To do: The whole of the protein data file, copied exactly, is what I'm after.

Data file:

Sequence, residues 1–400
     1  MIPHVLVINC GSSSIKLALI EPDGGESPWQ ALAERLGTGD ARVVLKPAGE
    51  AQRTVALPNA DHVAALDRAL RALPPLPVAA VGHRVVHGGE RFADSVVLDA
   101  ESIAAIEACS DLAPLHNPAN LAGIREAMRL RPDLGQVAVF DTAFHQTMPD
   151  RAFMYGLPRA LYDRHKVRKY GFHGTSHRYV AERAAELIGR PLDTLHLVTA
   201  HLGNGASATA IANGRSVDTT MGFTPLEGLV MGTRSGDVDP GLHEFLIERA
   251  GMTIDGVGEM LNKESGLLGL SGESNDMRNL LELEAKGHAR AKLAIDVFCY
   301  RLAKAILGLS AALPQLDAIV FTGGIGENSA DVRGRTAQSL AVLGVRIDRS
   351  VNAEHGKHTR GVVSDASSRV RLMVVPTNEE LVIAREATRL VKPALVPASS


Sequence, residues 1–400
     1  MIPHVLVINC GSSSIKLALI EPDGGESPWQ ALAERLGTGD ARVVLKPAGE
    51  AQRTVALPNA DHVAALDRAL RALPPLPVAA VGHRVVHGGE RFADSVVLDA
   101  ESIAAIEACS DLAPLHNPAN LAGIREAMRL RPDLGQVAVF DTAFHQTMPD
   151  RAFMYGLPRA LYDRHKVRKY GFHGTSHRYV AERAAELIGR PLDTLHLVTA
   201  HLGNGASATA IANGRSVDTT MGFTPLEGLV MGTRSGDVDP GLHEFLIERA
   251  GMTIDGVGEM LNKESGLLGL SGESNDMRNL LELEAKGHAR AKLAIDVFCY
   301  RLAKAILGLS AALPQLDAIV FTGGIGENSA DVRGRTAQSL AVLGVRIDRS
   351  VNAEHGKHTR GVVSDASSRV RLMVVPTNEE LVIAREATRL VKPALVPASS